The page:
The Last of Us premieres tonight on HBO, and early reviews indicate it’s one of the strongest first seasons we’ve seen on the network, which is saying something, given the caliber of its other offerings.
Of course, The Last of Us is based on a video game, which may lead to a question many may ask themselves. Do I need to have played this game to appreciate or understand this show?
The result is an almost resounding “no,” because The Last of Us, and its HBO series, are a pretty unique case in the medium of video game adaptations.
I remember when it was first announced that The Last of Us would be made into a TV series, and the general response from the fanbase was “why?” The Last of Us is one of the most “cinematic” video game series of all time, between its hyper-realistic performance capture (an early thought was that no one could properly do the original Joel and Ellie performances justice) and action scenes and story moments that already made it feel like you were watching a long movie or extended miniseries. Adapting into one felt redundant.
But the end result is that it also means that because the adaptation is attempting to be so faithful to the original, that there is really nothing you need to “catch up on” by first playing the game, because it’s going to be a very, very close adaptation. While I have not really appreciated all this talk of the “video game curse” being broken by The Last of Us here, I will say that other recent examples are a lot different than what’s happening here.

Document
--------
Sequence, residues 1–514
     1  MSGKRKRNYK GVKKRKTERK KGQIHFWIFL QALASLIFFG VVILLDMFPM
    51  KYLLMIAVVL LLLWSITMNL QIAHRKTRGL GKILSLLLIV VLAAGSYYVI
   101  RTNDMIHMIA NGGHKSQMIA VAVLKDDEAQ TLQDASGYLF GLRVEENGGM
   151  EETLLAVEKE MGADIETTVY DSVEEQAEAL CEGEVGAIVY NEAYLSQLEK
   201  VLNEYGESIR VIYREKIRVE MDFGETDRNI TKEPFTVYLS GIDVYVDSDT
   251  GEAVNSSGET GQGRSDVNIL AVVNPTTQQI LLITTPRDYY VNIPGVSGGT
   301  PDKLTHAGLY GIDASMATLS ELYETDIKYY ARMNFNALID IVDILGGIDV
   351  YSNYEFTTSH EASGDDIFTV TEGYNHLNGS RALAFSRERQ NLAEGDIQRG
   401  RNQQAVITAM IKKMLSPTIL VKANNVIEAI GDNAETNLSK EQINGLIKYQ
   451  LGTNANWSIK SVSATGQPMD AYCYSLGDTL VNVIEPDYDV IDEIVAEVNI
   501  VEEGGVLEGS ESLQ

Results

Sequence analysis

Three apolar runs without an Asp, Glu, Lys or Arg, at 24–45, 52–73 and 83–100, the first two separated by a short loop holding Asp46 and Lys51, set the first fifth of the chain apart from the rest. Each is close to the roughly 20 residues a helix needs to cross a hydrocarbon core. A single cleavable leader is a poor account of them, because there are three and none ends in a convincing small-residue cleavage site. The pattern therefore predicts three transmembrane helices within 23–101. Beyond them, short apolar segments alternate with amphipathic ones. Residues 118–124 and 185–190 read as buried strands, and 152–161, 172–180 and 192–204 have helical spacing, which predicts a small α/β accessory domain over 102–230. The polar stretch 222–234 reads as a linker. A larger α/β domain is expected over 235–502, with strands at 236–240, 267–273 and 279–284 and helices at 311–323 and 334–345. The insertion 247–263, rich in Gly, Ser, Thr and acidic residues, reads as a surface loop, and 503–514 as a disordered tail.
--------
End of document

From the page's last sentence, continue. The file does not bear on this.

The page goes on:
The Last of Us on HBO is a direct adaptation of the game, the same storyline, the same sequences, even the same script, in many parts. That is not true of other video game projects that may be very good, Castlevania, Arcane, Cyberpunk Edgerunners, Detective Pikachu, the Sonic movies, but they are not direct adaptations of any specific game. They are simply using the game world and characters. That’s also true of bad video game adaptations we’ve seen like Doom, Assassin’s Creed, Netflix’s Resident Evil show, Paramount’s Halo show. They are not near-1:1 adaptations like what we’re seeing with The Last of Us. Most of them cannot be, and the only reason it’s working for The Last of Us here is because that game felt like it was already a movie or show in the first place. It’s a pretty unique situation.
This is not to say I don’t think you should play the games. I do, and both Last of Us games (yes, even the controversial Part 2) are some of the best single-player story-driven action games ever. I am very curious what the experience would be like if you watched The Last of Us on HBO first and then played the games for the first time, as that’s not something I can replicate for myself. One thing I would say is that I might wait on playing Part 2 until season 2 of the HBO show comes out, lest you run into a major spoiler for the show you may want to experience onscreen first, not in the game.
We’ll see how this goes tonight, but by all accounts, this is going to be something special.
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